FIG. 5 illustrates just one use of the shoulder exerciser 20, with the patient 14, seated. The shoulder exerciser 20 can also be used with the patient either lying down or standing. Moreover, the patient may be located with respect to the shoulder exerciser 20 to accommodate his exact arm length and the shoulder exerciser 20 may be adjusted for use with either the right or the left shoulder of a patient 12.
Referring now to FIGS. 4 and 6, the individual components of the shoulder exerciser 20 will be explained in more detail. The base 22 includes a flat generally rectangular shaped base plate 40 adapted to rest on the floor. In use, the base plate 40 is held on the floor by the weight of the patient 14. Two flange members 42, 44 are permanently attached to the base plate 40 as a mounting means for a vertical upright member 46. Flange member 42 is referred to herein as a "right flange member" and is adapted to mount the upright member 46 to the base plate 40 for use with a patient's right arm. Flange member 44 is referred to herein as a "left flange member" and is adapted to mount the upright member 46 to the base plate 40 for use with a patient's left arm.
The drive means 24 in turn is adjustably mounted on the vertical upright member 46. The vertical upright member 46 may be generally square or rectangular in cross section and may be formed from square or rectangular metal or plastic tubing. The flange members 42, 44 are each formed with a recess corresponding in shape to the outer peripheral configuration of the vertical upright member 46. The vertical upright member 46 can thus be placed into and retained on the base plate 40 generally perpendicular to the plane of the base plate 40 by either flange members 42 or 44.
The base plate 40 and vertical upright member 46, shown in FIGS. 4 and 6, are suitable for use as shown in FIG. 5 by a patient seated in a chair 28. This base 22 can also be used to accommodate a standing patient or a patient lying in a bed. Base 22, however, is merely illustrative and other configurations would also be possible.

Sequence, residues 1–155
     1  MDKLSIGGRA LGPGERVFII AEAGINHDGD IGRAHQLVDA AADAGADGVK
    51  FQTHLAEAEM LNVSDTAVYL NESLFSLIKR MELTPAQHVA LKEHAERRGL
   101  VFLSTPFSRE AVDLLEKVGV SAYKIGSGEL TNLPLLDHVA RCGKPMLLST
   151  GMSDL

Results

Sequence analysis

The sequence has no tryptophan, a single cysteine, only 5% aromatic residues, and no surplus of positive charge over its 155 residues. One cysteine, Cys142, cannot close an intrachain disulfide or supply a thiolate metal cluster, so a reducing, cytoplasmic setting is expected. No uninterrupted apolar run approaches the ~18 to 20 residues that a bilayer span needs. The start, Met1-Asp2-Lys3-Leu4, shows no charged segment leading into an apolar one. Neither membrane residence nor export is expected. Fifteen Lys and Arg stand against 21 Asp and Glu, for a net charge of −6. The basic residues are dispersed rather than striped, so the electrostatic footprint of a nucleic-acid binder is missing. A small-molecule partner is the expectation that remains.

The drive means 24 will now be explained in more detail. As shown in FIG. 4, the drive means 24 is adjustably mounted upon the vertical upright member 46. As previously stated, the drive means is adapted to provide reciprocating motion for the arm holding means 26 through an arc range of motion of up to about 180°. With reference to FIGS. 7, 8, and 9, the drive means may include, a drive motor 48 (FIG. 7), control means 50 (FIG. 9) for converting and adjusting the rotational output of the drive motor 48, into a reciprocating motion, and control panel means 52 (FIG. 8) for adjusting the speed and direction of the drive motor 48. All of the drive means components may be mounted in a housing 54 (FIG. 4). The housing 54 may be a generally box like enclosure adapted to be vertically adjustably mounted to the vertical upright member 46 by means of set screws, threaded knobs (not shown), or the like.
In the illustrative embodiment, shown in FIG. 4, the drive motor 48 is a variable speed and reversible direction electric motor coupled to a speed reducer for producing a relatively low rpm output (i.e. 1-100 rpm). The output of this drive motor 48 must then be adapted to produce reciprocating movement of the arm holding means 26 through an arc of up to 180°. In the embodiment shown in FIG. 4, this is done by rotating the output shaft 56 of the drive motor through a desired arc and then reversing the direction of motion. Alternately, as shown in FIG. 11 and which will hereinafter be explained, reciprocating motion for the arm holding means 26 can be achieved with a drive linkage such as a three bar linkage for converting rotary motion of the output shaft to reciprocating motion.
In the embodiment of FIG. 4, the output shaft 56 of the drive motor 48 is coupled by single drive linkage 78 to the arm holding means 26 for moving the arm holding means 26 through an arc of up to about 180° and back again in a continuous manner. This reciprocating motion is derived from the drive motor 48 and adjusted by the control means shown in FIG. 9.
With reference to FIG. 9, the control means 50 includes a pair of spring biased limit switches 58, 60 operated by setting levers 62 and 64 respectively. The setting levers 62, 64 are adjustably mounted upon a control shaft 66 which is mechanically coupled to the output shaft 56 of the drive motor 48. The relative location of the setting levers 62, 64 upon the control shaft 66 is adjustable by a suitable adjustable fastening means such as a wing nut 68. The wiring arrangement of the micro switches 58, 60 with the motor 48 is shown in FIG. 7.
In use the control shaft 66 rotates along with the output shaft 56 of the drive motor 48. The direction of rotation of the drive motor 48 is stopped and flip-flopped by contact of a setting lever 62 or 64 with spring biased limit switches 58 or 60. The reversible drive motor 48 is thus energized to rotate in either a clockwise (CW) or counter clockwise (CCW) direction through an arc determined by the location of the setting levers 62, 64 with respect to the limit switches 58, 60. This arc is preferably in the range of 0° to 180°.